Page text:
abstract = "Ultrasonographic cross sectional area (CSA) measurements of equine superficial digital flexor (SDF) tendon were obtained to determine the feasibility of ultrasonography for CSA measurement of tendon in vivo and in vitro. Ultrasonographic measurements were compared with a more traditional CSA measurement method, ink-blot analysis. In addition, values for ultrasonographic SDF tendon mean echogenicity were obtained in vivo and in vitro. The left forelimb SDF tendons of 23 horses were evaluated ultrasonographically. Cross sectional images were acquired at 4-cm intervals distal to the base of the accessory carpal bone (DACB) to the level of the proximal sesamoid bones while horses were standing squarely. After euthanasia, the left forelimbs were mounted in a materials testing system (MTS) and loaded under tension to standing load. Ultrasonographic images were again acquired at the same locations. The ultrasonographic images were digitized, and values for ultrasonographic CSA and mean echogenicity were obtained for each level. immediately after mechanical testing, a 1-cm-thick transverse section of SDF tendon at 12 cm DACB was removed. Three ink blots were prepared from each end of the removed tendon section and digitized. The 6 CSA values were averaged to generate a value for morphologic CSA for each SDF tendon at 12 cm DACB. Standing ultrasonographic tendon CSA at 12 cm DACB was consistently smallest (mean +/- SD CSA 86 +/- 11 mm2), followed by MTS ultrasonographic CSA (mean, 95 +/- 12 mm), with ink-blot morphologic CSA being largest (mean, 99 +/- 15 mm2). Comparison of standing and MTS ultrasonographic CSA values at 12 cm DACB revealed a strong positive linear correlation between methods (R2 = 0.74, P = 0.001). Comparison of ink blot CSA at 12 cm DACB with standing and MTS ultrasonographic CSA revealed strong positive linear correlations (R2 = 0.64, P = 0.001 and R2 = 0.72, P = 0.001, respectively). For ultrasonographic mean echogenicity, standing values insignificantly exceeded MTS values at each level. The authors conclude that ultrasonography is a useful technique for the noninvasive assessment of SDF tendon CSA that can be applied in vivo and in vitro.",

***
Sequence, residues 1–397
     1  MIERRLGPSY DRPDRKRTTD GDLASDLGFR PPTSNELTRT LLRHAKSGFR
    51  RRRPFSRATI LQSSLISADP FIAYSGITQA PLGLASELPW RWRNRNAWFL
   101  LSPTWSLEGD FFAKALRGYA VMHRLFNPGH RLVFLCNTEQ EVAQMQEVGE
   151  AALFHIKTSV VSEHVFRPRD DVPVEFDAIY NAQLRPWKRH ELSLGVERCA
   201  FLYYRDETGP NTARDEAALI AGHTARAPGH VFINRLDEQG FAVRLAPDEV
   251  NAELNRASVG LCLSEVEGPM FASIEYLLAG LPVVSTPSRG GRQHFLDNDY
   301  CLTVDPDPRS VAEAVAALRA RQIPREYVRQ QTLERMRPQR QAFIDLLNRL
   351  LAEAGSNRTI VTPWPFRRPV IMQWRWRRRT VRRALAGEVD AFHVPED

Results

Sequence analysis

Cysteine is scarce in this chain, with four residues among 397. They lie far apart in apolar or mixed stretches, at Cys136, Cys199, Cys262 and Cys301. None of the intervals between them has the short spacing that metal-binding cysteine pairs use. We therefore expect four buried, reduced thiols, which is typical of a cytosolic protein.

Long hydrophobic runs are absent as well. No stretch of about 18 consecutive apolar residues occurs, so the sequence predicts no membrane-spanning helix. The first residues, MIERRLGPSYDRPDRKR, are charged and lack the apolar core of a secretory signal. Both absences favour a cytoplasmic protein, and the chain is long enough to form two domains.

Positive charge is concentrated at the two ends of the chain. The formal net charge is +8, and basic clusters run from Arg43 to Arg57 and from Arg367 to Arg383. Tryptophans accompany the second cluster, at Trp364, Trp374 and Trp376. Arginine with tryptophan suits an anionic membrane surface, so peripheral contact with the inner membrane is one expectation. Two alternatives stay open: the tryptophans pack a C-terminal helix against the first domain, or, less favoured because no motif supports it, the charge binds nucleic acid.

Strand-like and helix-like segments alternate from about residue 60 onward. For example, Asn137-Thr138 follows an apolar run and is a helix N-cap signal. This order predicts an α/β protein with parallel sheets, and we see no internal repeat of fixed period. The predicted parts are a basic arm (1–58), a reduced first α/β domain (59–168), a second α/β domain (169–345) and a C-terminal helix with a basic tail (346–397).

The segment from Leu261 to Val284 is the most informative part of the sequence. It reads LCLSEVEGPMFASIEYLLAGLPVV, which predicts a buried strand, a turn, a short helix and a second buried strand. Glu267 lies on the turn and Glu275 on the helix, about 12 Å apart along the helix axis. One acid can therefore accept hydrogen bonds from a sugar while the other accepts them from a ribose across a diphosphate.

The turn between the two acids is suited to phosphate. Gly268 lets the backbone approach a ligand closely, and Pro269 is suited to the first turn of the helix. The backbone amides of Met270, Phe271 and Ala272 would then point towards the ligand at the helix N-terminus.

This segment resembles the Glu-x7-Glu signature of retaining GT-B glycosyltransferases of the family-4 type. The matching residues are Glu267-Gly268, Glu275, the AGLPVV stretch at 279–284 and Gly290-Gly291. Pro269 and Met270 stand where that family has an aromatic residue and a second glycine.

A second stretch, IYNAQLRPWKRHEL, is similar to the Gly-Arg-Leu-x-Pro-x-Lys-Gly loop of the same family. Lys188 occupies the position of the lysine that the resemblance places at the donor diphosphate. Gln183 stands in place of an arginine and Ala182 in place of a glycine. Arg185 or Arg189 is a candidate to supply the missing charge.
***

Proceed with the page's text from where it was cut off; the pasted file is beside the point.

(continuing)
author = "C. Gillis and N. Sharkey and Stover, {Susan M} and Pool, {R. R.} and Dennis Meagher and N. Willits",
year = "1995",
month = "10",
language = "English (US)",
volume = "56",
pages = "1270--1274",
journal = "American Journal of Veterinary Research",
issn = "0002-9645",
publisher = "American Veterinary Medical Association",
number = "10",

}

TY - JOUR

T1 - Ultrasonography as a method to determine tendon cross-sectional area.

AU - Gillis, C.

AU - Sharkey, N.

AU - Stover, Susan M

AU - Pool, R. R.

AU - Meagher, Dennis

AU - Willits, N.

PY - 1995/10

Y1 - 1995/10